yield him all things; he that pleaseth his fancy with toys, or he that looketh after a solid benefit; he that taketh care for his body, or he that minds his soul; he that mindeth that which is accessory or indifferent to his happiness, or he that mindeth that which is mainly necessary; he that looketh after a perishing vanity, or he that mindeth eternal happiness. Certainly, if there be a God, and this God can do all things, and our happiness lies in the enjoyment of him, he is the wisest man that takes God for his portion, and makes it his business to keep in with him; and so doth a child of God. Thus wisdom is seen in fixing our aim.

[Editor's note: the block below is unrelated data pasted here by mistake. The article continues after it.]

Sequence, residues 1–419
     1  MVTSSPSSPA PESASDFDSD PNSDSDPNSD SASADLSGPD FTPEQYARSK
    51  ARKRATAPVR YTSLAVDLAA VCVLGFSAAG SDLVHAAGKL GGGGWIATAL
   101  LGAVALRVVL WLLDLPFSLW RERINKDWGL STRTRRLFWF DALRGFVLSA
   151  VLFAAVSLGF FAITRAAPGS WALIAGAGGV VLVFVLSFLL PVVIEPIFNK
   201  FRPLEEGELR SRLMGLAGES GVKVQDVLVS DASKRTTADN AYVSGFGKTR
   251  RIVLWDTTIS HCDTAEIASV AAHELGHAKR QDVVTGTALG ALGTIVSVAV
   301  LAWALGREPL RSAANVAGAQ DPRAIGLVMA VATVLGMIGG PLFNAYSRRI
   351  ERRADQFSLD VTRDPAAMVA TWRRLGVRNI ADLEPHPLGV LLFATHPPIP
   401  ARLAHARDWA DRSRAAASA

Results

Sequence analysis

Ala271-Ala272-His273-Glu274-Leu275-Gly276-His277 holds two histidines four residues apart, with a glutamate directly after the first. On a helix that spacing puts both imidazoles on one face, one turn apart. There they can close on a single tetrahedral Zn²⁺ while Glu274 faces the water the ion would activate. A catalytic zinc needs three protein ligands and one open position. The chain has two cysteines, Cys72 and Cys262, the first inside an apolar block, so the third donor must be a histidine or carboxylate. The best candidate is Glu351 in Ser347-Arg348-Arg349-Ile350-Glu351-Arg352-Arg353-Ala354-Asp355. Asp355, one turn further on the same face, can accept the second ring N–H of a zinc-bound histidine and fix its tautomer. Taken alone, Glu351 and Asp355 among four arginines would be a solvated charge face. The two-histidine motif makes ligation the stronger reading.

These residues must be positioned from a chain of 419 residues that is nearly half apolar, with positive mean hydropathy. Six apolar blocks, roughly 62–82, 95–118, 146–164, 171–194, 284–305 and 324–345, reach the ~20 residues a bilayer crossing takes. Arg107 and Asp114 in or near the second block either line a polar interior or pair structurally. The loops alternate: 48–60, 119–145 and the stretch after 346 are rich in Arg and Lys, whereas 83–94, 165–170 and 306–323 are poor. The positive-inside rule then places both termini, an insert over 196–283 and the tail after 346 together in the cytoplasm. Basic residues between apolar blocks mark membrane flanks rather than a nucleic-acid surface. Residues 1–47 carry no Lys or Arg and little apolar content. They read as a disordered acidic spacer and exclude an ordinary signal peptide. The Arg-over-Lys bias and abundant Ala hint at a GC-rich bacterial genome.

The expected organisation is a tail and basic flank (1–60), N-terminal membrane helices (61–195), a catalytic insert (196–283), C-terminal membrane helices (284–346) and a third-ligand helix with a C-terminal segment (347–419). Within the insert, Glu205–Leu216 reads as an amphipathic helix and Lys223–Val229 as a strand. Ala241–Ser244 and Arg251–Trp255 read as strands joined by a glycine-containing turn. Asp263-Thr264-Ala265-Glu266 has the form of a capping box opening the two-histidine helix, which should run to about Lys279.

2ndly, Wisdom lies in the choice of apt and proper means; and that is, to take the word for his rule. First God for his portion, then the word for his rule. To presume of the end, without using the means, is folly; therefore, next to a good end and scope, there must be a good path. Now, that we might not grope blindfold, and wander up and down in fond superstitions, God hath given us his word to instruct us in all things which concern our duty and our danger, and to make us every way wise to salvation (2 Tim. iii. 15). If our happiness lies in the enjoyment of God, it is meet God should appoint the way how we should come to him. We should have been at a great loss, if the Lord had given us grace to fix upon him as our end ; if he had not given us a rule, we could not find out our way. But now, God, hath so exactly chalked it out, that a fool shall not err therein (Isa. xxxv. 8), such plain directions as make wise the simple (Psalm xix. 7); a plain rule, found out by the wisdom of God, and so stated for all, and peremptorily commanded to all, that the most simple that will give up themselves to God's direction, they shall find it. Now, who are wise? they that walk in the way of their own hearts, or they that will take God's direction in his word ? those that will live according to the counsel of God's word, or those that will fashion their lives according to the course of this world, or according to the customs and examples of carnal men, like themselves? Who is wiser, they that will inquire after the mind of God, who is wisdom itself, and can best judge of wisdom and folly; or they which shape their course according to the secular wisdom that prevails in the world, and which hath often failed in its end? Who the wiser man, he that hath taken God's counsel, and can never be deceived; or those that walk according to the course of this world, and find themselves wholly to be deceived? “This their way is their folly; yet their posterity approve their sayings” (Psalm xlix. 13). They will imitate that folly which hath been so fatal and so mischievous to others, and think themselves happy. Many carnal men, when they died, they all-to-be-fooled themselves, and lamented it, that they had taken no more care to please God, and walked no more closely with him; that they had been more busy about worldly things, than they had been for their precious and immortal souls: therefore, surely, the children of God are wiser than their opposites, that give up themselves to the vanity of carnal pursuits.